Embracing Death

By: D. T. Dyllin

Series: Death Trilogy

Book Number: 2

Star Rating:

Sensuality Rating:



Spoiler Disclaimer


After being rescued from her ordeal with the serial killer Malcolm, which left her with a craving to feel death that's as powerful as any drug, Samantha Bevins is back with her old team of psychic investigators. She now has all her memories of what happened during the years that she and her husband, Austin, were apart and why their supposed friend, Nixon, separated them and pretended to be her husband for two years. But more bits and pieces of things that feel like memories begin to surface, leaving her wondering if she's actually remembering everything yet.

Because of her addiction, Austin must use his powers to suppress Sam's empath abilities to keep her from trying to feed off the deaths of others. But when they're called upon to work the scene of a terrorist attack, Austin has no choice but to give her free reign. However, in doing so, he's unwittingly opened himself up to Sam's dark obsession, and through their powerful psychic connection, he, too, begins feeding off the euphoria to be found in death. When Austin is later kidnapped by the powers that be and charged with being responsible for the supposed terrorist attack, Sam sets out on a dangerous journey not only to find him and clear his name, but also to find out who is pulling the strings behind their agency. What she discovers is a disturbing series of serial murders that all appear to have been committed by empaths just like Malcolm, and the more she finds out, the more she begins to doubt that she or Austin can ever escape the same fate. Can she find the answers she needs before it's too late? Or are she and Austin fated to descend into the darkness together?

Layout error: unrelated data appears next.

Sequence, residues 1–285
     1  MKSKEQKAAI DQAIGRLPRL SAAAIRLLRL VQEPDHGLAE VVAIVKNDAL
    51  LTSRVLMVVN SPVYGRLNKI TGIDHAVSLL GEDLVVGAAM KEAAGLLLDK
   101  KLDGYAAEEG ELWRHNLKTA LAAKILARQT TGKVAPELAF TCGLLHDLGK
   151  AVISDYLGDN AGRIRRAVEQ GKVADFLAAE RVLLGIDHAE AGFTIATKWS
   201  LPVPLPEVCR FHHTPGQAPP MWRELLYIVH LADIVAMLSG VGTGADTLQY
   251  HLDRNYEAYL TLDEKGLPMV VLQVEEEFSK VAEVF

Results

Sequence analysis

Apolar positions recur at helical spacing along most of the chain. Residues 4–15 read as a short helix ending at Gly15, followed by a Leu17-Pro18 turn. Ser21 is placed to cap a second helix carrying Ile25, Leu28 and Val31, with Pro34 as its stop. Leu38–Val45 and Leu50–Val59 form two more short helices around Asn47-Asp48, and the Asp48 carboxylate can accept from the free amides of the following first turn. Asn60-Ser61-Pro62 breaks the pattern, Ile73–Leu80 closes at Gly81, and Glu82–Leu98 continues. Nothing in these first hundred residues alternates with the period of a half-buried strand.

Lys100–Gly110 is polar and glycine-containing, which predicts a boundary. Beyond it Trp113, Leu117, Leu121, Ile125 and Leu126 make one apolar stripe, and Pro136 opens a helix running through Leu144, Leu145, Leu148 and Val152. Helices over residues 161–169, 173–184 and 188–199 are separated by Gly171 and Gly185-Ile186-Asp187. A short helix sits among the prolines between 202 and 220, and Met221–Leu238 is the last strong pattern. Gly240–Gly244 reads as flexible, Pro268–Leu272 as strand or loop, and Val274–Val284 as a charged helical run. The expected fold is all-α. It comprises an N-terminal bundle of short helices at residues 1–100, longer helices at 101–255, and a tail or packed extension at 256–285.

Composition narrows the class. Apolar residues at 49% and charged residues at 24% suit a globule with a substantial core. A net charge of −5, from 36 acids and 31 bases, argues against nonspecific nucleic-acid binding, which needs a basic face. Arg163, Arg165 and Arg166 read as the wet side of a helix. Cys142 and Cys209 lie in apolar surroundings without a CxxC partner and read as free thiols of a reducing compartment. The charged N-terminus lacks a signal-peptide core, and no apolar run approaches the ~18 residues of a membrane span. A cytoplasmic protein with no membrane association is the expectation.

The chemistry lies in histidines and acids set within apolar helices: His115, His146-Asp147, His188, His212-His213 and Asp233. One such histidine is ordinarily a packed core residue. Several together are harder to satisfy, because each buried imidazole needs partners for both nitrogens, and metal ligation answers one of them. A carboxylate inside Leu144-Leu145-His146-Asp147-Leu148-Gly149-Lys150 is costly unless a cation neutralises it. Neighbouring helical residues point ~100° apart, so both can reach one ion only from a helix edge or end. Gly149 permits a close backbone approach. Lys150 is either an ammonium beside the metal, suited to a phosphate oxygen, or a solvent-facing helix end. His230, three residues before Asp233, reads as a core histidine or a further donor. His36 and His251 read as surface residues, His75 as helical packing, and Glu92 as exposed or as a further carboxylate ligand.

I was very pleasantly surprised by how much I enjoyed Feeling Death, the first book of my author friend, D. T. Dyllin's Death Trilogy. It was the first of her books I'd tried and was certainly different than any other romance I'd ever read, so I have to give her major props for her creativity. That said, it was a pretty dark read, which I already knew was her thing, but now after reading Embracing Death, I can say that it went even darker still, which leaves me wondering what the final book might hold. I did still enjoy the story, but the ending left me with mixed feelings, which I'll address shortly.